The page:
The records of 2.2 million individuals and organisations suspected of being involved in terrorist activity or financial crime have been leaked on the public Internet.
Thomson Reuters' WorldCheck database is used by the world's biggest banks and government intelligence agencies as an AML and sanctions screening reference source.
The data leak, which comes from a 2014 version of the database, was spotted by security researcher Chris Vickery.
"There was no protection at all. No username or password required to see the records," Vickery told the BBC. "I want to be clear that this unprotected database was not directly hosted by Thomson Reuters itself."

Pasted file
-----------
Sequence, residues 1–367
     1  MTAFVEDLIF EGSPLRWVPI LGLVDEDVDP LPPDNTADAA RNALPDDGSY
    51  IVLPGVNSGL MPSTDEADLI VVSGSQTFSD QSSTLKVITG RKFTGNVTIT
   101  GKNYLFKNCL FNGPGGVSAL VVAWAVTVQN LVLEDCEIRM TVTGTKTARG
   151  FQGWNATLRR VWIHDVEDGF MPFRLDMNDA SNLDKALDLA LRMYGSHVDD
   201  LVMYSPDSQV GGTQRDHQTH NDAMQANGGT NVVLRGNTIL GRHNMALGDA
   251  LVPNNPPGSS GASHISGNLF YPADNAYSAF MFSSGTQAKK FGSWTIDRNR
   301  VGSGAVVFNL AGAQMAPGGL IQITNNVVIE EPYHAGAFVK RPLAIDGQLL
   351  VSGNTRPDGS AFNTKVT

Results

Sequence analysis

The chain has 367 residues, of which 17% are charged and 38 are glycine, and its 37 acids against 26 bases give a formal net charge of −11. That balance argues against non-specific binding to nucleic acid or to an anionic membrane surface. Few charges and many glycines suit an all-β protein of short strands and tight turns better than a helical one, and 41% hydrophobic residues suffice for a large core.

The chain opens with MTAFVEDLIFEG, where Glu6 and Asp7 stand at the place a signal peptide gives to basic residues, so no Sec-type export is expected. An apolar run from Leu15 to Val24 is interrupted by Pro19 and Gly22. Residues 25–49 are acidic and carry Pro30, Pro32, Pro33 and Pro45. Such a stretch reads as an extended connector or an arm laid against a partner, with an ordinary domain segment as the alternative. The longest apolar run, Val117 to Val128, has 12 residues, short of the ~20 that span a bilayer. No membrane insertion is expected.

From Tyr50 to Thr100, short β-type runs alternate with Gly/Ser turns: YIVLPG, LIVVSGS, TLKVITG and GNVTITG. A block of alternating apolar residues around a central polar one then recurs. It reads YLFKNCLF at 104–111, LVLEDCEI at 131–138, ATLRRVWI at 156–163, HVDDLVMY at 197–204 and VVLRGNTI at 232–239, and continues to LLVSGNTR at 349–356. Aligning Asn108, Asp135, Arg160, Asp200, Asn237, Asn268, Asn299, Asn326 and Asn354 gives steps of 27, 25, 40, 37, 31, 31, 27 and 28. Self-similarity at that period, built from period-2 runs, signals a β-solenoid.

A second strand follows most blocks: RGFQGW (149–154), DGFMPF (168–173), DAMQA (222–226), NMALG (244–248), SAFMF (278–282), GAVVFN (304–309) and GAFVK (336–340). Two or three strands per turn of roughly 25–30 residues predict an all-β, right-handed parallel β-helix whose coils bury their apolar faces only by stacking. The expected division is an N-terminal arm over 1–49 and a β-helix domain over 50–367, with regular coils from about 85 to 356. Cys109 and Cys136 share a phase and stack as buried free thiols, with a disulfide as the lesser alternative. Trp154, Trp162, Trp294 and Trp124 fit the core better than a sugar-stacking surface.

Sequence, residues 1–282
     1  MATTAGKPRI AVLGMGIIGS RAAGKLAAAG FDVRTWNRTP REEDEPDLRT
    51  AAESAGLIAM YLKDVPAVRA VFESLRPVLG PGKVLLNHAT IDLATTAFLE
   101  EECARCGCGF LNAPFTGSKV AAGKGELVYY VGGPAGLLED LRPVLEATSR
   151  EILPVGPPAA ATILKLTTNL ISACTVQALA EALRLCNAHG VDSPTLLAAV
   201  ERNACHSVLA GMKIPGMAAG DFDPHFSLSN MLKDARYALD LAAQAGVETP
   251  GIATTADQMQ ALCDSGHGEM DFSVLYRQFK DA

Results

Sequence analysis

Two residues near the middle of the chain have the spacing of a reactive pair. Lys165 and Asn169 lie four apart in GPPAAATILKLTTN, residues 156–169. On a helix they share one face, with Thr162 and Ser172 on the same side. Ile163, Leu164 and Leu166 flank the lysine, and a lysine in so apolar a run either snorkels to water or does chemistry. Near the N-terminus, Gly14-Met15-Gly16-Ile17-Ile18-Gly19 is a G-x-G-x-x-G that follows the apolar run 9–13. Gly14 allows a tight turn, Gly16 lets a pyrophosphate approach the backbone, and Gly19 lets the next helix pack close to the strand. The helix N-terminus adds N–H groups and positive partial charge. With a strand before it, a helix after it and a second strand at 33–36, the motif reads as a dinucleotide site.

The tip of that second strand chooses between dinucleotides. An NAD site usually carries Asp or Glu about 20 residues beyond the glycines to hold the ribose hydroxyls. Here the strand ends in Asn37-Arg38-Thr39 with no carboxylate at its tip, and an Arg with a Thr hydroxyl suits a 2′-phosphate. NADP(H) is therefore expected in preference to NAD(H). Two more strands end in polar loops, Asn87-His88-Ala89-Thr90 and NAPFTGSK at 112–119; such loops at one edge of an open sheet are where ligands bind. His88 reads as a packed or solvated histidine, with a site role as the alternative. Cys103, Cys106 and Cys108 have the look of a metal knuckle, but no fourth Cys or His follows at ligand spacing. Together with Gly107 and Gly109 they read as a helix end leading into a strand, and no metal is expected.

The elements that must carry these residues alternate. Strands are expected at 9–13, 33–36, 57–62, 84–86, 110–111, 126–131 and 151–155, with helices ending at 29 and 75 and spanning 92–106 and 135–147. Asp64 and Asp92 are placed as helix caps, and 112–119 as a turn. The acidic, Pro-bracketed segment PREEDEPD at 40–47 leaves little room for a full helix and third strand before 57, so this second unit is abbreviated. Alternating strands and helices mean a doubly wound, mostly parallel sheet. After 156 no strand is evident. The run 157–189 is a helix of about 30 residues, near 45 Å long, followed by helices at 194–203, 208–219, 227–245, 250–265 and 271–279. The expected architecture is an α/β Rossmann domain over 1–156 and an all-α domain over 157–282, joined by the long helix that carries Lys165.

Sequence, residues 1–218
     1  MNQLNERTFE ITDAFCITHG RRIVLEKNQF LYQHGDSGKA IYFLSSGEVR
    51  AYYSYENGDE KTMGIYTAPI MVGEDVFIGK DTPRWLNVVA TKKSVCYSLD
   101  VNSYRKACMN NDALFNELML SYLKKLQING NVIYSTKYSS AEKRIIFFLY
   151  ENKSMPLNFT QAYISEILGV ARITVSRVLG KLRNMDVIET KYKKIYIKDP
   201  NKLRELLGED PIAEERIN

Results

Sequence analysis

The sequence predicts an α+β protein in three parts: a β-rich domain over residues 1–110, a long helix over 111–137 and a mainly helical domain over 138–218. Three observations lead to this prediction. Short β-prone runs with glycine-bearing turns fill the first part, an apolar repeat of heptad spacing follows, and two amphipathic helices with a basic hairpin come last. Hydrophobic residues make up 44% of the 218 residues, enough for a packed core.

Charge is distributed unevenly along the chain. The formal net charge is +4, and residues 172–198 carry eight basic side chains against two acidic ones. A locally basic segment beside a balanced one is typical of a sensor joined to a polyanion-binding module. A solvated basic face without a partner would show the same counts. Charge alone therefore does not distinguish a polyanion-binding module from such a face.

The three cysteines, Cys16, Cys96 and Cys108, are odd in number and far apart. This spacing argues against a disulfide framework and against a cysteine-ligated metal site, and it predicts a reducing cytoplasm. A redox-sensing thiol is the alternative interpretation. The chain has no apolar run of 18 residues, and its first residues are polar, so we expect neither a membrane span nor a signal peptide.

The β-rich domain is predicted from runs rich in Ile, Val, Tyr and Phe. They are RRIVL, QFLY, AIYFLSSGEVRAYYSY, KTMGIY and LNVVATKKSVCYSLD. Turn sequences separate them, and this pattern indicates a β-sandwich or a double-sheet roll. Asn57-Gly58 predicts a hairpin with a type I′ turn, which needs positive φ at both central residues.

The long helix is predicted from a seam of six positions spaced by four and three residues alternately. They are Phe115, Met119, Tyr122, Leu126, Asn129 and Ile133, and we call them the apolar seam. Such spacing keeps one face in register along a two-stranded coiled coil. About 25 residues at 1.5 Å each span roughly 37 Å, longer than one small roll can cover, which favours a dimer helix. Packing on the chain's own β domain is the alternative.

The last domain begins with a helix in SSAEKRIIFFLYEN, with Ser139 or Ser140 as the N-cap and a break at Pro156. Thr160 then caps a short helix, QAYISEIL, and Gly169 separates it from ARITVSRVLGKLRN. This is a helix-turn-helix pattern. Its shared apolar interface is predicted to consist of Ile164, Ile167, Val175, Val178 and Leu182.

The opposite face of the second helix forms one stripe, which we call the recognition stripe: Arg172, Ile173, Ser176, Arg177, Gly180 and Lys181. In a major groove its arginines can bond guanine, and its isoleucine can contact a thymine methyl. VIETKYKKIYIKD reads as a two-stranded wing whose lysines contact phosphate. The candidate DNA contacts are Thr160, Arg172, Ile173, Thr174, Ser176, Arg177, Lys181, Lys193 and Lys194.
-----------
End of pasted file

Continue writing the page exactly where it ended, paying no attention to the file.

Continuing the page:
In a statement to Finextra, a Thomson Reuters spokesperson says: “Thomson Reuters was yesterday alerted to out-of-date information from the World-Check database that had been exposed by a third party. We are grateful to Chris Vickery for bringing this to our attention, and immediately took steps to contact the third party responsible - as a result we can confirm that the third party has taken down the information. We have also spoken to the third party to ensure there will be no repetition of this unacceptable incident.”